It has been stated that the four quarters of the manor were sold to John Stutsbury of Souldern, (fn. 119) Robert Weedon and his son John by Henry, Lord Compton, Sir John Arundell of Lanherne, Paul Tracy, and John Dormer. Robert Weedon married John Stutsbury's daughter, (fn. 120) and at his death in 1598 held three-quarters of Souldern manor. (fn. 121) Robert must have acquired two quarters by 1590, Sir John Arundell having died in that year and Henry, Lord Compton, in 1589. John Dormer Still held his quarter of Steeple Aston in 1592. (fn. 122) The completion of the purchase of the manor seems to have been John Weedon's acquisition of Paul Tracy's quarter in 1604, and John certainly held the whole manor in 1615. (fn. 123)
The Weedons were Roman Catholics and in the Civil War their estates were sequestrated. Although it was alleged in 1646 that John Weedon had aided the rebels in Ireland before the war and the king throughout the war, he was permitted in 1653 to receive a third of the rents of his estates. (fn. 124) The family recovered their lands at the Restoration, and John seems to have died before 1665, when his son Bernard was living at Souldern. (fn. 125) Bernard died in 1679, and his son John in 1702. The last of the family to hold Souldern manor was another John, who died in 1710 and devised all his property there to Samuel Cox, the infant son of Samuel Cox of Farningham (Kent) and his wife Alice, daughter of Richard Kilby of Souldern. (fn. 126) John Weedon's brother William claimed, unsuccessfully, that John's will had been obtained by fraud, (fn. 127) but in 1718 he gave up his claim to the manor. (fn. 128) Samuel Cox was succeeded at his death in 1781 by his nephew Robert Kilby Cox. The latter resided occasionally at Souldern and died in 1828. His son and successor Samuel died childless in 1851, and the manor passed to Lt.-Col. Richard Snead Cox, a great-nephew of Robert Kilby Cox. (fn. 129) Lt.-Col. Snead Cox resided at Broxwood (Herefs.), and although called lord of Souldern manor in the 1860's was not subsequently given that title, and manorial rights may be said to have lapsed. (fn. 130)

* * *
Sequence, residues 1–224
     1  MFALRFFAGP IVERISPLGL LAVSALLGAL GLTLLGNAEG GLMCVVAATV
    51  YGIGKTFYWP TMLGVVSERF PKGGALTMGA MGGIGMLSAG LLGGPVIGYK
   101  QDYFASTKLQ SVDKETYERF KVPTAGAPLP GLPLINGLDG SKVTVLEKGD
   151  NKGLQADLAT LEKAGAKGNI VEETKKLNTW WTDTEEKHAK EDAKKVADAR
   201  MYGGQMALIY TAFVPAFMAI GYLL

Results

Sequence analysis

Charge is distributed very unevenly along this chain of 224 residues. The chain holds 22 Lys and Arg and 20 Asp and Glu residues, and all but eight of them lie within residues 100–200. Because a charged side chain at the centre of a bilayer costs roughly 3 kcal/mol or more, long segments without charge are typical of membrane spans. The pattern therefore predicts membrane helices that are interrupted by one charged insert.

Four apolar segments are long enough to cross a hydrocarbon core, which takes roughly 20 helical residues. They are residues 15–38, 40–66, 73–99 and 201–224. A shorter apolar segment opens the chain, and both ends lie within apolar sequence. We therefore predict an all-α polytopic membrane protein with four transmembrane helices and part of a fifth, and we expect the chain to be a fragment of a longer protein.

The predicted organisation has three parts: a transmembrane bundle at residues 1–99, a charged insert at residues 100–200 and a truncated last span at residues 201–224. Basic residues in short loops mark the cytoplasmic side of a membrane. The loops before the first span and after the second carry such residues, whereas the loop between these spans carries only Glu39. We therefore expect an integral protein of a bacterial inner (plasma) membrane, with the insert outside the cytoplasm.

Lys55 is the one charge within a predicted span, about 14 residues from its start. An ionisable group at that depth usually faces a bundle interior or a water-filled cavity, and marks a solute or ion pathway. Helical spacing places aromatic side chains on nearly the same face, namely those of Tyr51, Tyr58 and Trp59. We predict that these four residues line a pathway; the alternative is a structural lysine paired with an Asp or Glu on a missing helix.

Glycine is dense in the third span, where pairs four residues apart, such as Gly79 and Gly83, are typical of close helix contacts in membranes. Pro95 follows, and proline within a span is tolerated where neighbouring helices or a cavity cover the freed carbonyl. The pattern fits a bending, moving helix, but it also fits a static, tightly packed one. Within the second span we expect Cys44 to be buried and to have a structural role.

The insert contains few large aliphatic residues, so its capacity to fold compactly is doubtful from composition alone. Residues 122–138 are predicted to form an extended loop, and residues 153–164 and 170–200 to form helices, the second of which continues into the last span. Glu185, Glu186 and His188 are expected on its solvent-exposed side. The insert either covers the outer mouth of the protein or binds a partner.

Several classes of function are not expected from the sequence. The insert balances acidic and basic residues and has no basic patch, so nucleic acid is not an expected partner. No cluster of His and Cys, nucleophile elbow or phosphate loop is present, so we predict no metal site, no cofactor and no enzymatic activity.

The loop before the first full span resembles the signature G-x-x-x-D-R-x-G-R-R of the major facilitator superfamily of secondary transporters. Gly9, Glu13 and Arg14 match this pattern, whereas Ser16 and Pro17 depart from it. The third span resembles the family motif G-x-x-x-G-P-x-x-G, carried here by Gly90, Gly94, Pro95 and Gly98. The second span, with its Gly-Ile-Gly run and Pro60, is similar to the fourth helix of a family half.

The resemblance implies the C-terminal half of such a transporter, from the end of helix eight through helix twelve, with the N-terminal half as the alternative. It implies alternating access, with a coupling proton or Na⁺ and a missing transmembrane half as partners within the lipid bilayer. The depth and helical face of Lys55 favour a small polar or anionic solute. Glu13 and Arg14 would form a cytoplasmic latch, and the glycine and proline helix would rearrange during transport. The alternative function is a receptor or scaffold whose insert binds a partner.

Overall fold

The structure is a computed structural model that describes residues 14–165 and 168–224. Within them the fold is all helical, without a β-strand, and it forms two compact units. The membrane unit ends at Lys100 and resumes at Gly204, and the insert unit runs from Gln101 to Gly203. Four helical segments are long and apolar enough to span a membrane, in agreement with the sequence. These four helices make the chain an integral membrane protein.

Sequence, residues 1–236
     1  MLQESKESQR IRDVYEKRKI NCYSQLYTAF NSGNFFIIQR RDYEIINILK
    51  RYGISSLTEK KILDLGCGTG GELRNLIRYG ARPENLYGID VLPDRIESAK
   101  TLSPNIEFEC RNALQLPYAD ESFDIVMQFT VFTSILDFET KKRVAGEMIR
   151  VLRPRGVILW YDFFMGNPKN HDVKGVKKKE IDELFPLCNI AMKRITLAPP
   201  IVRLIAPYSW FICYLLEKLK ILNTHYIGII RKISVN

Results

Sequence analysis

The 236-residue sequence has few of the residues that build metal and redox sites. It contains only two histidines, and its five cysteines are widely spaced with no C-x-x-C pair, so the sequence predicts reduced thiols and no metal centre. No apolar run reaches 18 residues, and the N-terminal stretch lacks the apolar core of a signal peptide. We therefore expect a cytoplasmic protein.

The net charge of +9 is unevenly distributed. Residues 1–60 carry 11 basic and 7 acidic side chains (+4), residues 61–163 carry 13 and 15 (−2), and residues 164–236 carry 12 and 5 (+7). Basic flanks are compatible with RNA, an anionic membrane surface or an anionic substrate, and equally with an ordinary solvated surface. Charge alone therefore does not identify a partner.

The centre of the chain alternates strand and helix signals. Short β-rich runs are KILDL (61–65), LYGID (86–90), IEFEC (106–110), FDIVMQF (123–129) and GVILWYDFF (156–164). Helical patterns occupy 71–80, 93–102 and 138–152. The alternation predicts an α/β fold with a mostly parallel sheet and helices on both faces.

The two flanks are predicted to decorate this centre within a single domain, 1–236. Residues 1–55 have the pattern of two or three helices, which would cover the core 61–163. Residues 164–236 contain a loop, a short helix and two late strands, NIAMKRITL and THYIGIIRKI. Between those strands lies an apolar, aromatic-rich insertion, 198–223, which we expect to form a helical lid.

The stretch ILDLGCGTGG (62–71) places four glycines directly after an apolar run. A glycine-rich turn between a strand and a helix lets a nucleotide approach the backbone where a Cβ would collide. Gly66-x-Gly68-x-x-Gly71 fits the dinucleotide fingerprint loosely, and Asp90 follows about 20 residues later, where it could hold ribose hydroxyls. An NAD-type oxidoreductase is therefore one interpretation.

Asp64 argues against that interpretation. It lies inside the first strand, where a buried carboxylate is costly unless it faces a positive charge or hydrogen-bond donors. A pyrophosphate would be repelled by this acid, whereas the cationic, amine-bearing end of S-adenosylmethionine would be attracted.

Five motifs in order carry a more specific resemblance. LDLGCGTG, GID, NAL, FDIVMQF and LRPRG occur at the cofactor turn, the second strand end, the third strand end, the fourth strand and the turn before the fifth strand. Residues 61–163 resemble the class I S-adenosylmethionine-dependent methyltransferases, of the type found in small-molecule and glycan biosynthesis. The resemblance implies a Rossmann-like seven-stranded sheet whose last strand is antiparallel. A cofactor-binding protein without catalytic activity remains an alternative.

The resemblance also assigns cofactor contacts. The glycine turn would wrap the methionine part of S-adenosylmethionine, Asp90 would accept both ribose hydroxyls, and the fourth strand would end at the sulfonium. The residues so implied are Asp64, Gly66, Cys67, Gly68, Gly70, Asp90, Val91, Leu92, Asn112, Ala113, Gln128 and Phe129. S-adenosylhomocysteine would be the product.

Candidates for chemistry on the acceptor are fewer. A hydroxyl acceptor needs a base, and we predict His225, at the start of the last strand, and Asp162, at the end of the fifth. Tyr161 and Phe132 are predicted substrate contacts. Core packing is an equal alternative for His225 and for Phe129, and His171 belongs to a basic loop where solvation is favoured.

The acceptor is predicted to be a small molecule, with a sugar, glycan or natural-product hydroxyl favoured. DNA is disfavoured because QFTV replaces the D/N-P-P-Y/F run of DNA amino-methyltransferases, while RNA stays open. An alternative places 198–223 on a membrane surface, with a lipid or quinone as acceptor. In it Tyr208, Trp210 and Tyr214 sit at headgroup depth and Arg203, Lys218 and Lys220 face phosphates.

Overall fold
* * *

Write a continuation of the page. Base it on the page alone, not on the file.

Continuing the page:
Souldern cannot be identified with any Domesday village and it may have been omitted as it was so highly privileged a manor. (fn. 131) It is known to have belonged in the early 12th century to the important Say family, (fn. 132) but the earliest evidence for its economic history comes from the hundred rolls of 1279. The manor then had 41 virgates of arabel land, almost the same number as in the 17th century. Twelve were in demesne, 17½ were held in villeinage and 11½ freely. Besides its arable land, the large demesne had adjacent meadow and pasture, including Goldenham Meadow, along the Cherwell bank, and free fishing from this meadowa to Fritwell Meadow. (fn. 133) There was a group of 7 free tenants, holding 11½ virgates. The most prosperous was Thomas Silvester, who had the water-mill and 3 virgates, while 4 others had 5½ virgates between them, paying a rent of about 2s. a virgate, and Ralph de Arderne, no doubt a relative of the lord of the manor, held 2 virgates for 1d. Another virgate was held in free alms by the Prior of Banbury. (fn. 134) There were 10 villein virgaters and 15 half-Virgaters. The rent paid by the Souldern villein was unusually samall—19d. for a virgate, which may have meant that he had to perform unusually heavy services. All owed tallage and had to pay fines when their sons left the manor (redimere pueros).